J Berner, U Achatz, L Batte, L Bengtsson, A de la Camara, HM Christensen, M Colangeli, DRB Coleman, D Crommelin, SI Dolaptchiev, CLE Franzke, P Friederichs, P Imkeller, H Jarvinen, S Juricke, V Kitsios, F Lott, V Lucarini, S Mahajan, TN Palmer, C Penland, M Sakradzija, J-S von Storch, A Weisheimer, M Weniger, PD Williams, J-I Yano


A study of reduced numerical precision to make superparameterization more competitive using a hardware emulator in the OpenIFS model

JOURNAL OF ADVANCES IN MODELING EARTH SYSTEMS 9 (2017) 566-584

PD Duben, A Subramanian, A Dawson, TN Palmer


Stochastic Subgrid-Scale Ocean Mixing: Impacts on Low-Frequency Variability

JOURNAL OF CLIMATE 30 (2017) 4997-5019

S Juricke, TN Palmer, L Zanna


Impact of stochastic physics on tropical precipitation in the coupled ECMWF model

QUARTERLY JOURNAL OF THE ROYAL METEOROLOGICAL SOCIETY 143 (2017) 852-865

A Subramanian, A Weisheimer, T Palmer, F Vitart, P Bechtold


A personal perspective on modelling the climate system.

Proceedings. Mathematical, physical, and engineering sciences 472 (2016) 20150772-

TN Palmer

Given their increasing relevance for society, I suggest that the climate science community itself does not treat the development of error-free ab initio models of the climate system with sufficient urgency. With increasing levels of difficulty, I discuss a number of proposals for speeding up such development. Firstly, I believe that climate science should make better use of the pool of post-PhD talent in mathematics and physics, for developing next-generation climate models. Secondly, I believe there is more scope for the development of modelling systems which link weather and climate prediction more seamlessly. Finally, here in Europe, I call for a new European Programme on Extreme Computing and Climate to advance our ability to simulate climate extremes, and understand the drivers of such extremes. A key goal for such a programme is the development of a 1 km global climate system model to run on the first exascale supercomputers in the early 2020s.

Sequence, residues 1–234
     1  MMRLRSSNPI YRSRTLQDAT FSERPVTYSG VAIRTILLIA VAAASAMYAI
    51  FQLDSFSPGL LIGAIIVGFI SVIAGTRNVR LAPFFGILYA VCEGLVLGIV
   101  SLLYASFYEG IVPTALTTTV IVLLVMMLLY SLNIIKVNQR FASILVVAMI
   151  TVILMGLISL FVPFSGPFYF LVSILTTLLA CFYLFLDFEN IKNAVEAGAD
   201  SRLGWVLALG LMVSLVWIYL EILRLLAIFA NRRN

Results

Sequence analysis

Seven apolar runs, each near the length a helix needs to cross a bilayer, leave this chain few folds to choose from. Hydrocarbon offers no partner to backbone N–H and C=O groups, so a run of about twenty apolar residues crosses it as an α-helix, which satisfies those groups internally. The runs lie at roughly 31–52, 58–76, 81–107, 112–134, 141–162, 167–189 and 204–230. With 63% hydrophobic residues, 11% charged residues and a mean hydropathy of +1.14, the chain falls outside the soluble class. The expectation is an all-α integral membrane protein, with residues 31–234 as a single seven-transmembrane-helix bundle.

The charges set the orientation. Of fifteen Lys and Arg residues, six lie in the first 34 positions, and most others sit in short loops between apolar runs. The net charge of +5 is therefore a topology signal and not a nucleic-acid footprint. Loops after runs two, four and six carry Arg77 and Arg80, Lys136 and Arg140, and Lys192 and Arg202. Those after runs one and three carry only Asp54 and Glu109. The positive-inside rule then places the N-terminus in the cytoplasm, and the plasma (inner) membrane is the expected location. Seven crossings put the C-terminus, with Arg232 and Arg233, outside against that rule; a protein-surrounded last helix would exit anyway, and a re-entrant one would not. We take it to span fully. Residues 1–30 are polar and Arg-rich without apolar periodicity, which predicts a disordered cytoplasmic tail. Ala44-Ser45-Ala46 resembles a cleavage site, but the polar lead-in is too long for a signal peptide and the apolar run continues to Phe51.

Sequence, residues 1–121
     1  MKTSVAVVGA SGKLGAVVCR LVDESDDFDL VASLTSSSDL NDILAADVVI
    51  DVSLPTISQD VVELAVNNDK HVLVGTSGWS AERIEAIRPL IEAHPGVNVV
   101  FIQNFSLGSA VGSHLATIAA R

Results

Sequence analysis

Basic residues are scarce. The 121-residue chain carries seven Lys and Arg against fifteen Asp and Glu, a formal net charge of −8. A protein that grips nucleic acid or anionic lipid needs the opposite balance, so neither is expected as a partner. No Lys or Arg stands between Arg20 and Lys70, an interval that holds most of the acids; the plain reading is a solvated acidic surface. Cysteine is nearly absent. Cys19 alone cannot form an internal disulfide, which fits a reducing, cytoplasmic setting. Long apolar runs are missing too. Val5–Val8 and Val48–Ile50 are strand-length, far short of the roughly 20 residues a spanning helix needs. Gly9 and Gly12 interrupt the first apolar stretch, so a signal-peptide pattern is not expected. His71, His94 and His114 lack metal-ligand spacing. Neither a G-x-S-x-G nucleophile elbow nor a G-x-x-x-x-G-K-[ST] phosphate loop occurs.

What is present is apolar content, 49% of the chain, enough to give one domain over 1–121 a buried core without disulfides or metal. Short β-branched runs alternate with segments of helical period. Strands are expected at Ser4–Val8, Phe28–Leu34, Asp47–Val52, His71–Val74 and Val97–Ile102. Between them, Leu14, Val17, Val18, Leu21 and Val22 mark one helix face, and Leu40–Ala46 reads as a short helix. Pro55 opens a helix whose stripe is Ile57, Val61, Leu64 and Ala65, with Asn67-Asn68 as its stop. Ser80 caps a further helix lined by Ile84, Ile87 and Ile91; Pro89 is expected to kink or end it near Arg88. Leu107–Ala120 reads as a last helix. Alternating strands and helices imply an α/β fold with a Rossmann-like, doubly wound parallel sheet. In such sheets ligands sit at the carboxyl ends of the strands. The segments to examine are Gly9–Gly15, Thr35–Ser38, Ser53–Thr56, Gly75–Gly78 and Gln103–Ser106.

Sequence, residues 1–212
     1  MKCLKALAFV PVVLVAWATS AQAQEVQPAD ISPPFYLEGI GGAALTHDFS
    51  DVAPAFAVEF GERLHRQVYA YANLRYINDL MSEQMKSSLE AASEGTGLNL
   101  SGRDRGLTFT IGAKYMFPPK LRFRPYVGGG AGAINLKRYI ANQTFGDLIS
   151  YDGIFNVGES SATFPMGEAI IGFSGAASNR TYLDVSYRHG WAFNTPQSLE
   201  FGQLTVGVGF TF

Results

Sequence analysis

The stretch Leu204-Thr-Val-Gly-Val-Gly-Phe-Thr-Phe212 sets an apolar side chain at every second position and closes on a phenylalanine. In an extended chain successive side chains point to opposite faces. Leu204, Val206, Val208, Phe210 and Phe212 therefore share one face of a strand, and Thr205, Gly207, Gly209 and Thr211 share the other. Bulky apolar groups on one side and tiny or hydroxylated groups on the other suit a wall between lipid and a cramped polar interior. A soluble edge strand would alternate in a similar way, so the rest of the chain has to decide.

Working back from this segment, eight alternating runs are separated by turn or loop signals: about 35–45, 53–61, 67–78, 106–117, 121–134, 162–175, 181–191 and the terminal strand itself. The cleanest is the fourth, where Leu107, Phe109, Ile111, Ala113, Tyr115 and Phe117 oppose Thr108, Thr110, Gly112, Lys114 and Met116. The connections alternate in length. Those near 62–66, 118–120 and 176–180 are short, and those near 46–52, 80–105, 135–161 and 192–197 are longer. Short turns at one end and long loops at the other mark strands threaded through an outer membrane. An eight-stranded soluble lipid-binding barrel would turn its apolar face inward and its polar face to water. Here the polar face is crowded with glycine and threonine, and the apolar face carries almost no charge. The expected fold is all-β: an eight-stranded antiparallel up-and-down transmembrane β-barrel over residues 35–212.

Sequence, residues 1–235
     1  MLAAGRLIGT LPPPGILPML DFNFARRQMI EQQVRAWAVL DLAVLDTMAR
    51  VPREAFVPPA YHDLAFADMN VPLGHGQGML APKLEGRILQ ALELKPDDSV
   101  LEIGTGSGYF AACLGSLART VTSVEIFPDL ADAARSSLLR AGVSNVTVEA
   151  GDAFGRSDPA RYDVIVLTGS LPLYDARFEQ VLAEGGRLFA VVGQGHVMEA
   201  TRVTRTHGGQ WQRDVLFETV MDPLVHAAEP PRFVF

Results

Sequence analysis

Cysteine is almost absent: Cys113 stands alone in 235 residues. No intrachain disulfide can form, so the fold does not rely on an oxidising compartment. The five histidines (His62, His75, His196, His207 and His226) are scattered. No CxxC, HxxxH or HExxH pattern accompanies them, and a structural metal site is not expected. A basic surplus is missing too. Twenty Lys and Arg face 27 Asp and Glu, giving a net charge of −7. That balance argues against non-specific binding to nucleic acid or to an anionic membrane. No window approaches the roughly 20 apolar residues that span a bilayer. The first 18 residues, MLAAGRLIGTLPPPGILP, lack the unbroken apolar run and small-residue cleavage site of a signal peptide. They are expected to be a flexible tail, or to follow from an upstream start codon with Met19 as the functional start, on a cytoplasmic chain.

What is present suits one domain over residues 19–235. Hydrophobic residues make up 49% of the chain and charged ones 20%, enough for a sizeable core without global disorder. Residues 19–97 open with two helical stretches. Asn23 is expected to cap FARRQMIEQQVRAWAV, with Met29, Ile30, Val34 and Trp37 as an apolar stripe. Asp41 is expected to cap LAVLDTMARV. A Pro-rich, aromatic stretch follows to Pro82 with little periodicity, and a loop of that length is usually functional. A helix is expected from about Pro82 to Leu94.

Oceanic Stochastic Parameterizations in a Seasonal Forecast System

MONTHLY WEATHER REVIEW 144 (2016)

M Andrejczuk, FC Cooper, S Juricke, TN Palmer, A Weisheimer, L Zanna


The role of the tropical West Pacific in the extreme Northern Hemisphere winter of 2013/2014

JOURNAL OF GEOPHYSICAL RESEARCH-ATMOSPHERES 121 (2016) 1698-1714

PAG Watson, A Weisheimer, JR Knight, TN Palmer


Assessing the role of insulin-like growth factors and binding proteins in prostate cancer using Mendelian randomization: Genetic variants as instruments for circulating levels.

International journal of cancer 139 (2016) 1520-1533

C Bonilla, SJ Lewis, MA Rowlands, TR Gaunt, G Davey Smith, D Gunnell, T Palmer, JL Donovan, FC Hamdy, DE Neal, R Eeles, D Easton, Z Kote-Jarai, AA Al Olama, S Benlloch, K Muir, GG Giles, F Wiklund, H Grönberg, CA Haiman, J Schleutker, BG Nordestgaard, RC Travis, N Pashayan, KT Khaw, JL Stanford, WJ Blot, S Thibodeau, C Maier, AS Kibel, C Cybulski, L Cannon-Albright, H Brenner, J Park, R Kaneva, J Batra, MR Teixeira, H Pandha, M Lathrop, RM Martin, JM Holly

Circulating insulin-like growth factors (IGFs) and their binding proteins (IGFBPs) are associated with prostate cancer. Using genetic variants as instruments for IGF peptides, we investigated whether these associations are likely to be causal. We identified from the literature 56 single nucleotide polymorphisms (SNPs) in the IGF axis previously associated with biomarker levels (8 from a genome-wide association study [GWAS] and 48 in reported candidate genes). In ∼700 men without prostate cancer and two replication cohorts (N ∼ 900 and ∼9,000), we examined the properties of these SNPS as instrumental variables (IVs) for IGF-I, IGF-II, IGFBP-2 and IGFBP-3. Those confirmed as strong IVs were tested for association with prostate cancer risk, low (< 7) vs. high (≥ 7) Gleason grade, localised vs. advanced stage, and mortality, in 22,936 controls and 22,992 cases. IV analysis was used in an attempt to estimate the causal effect of circulating IGF peptides on prostate cancer. Published SNPs in the IGFBP1/IGFBP3 gene region, particularly rs11977526, were strong instruments for IGF-II and IGFBP-3, less so for IGF-I. Rs11977526 was associated with high (vs. low) Gleason grade (OR per IGF-II/IGFBP-3 level-raising allele 1.05; 95% CI: 1.00, 1.10). Using rs11977526 as an IV we estimated the causal effect of a one SD increase in IGF-II (∼265 ng/mL) on risk of high vs. low grade disease as 1.14 (95% CI: 1.00, 1.31). Because of the potential for pleiotropy of the genetic instruments, these findings can only causally implicate the IGF pathway in general, not any one specific biomarker.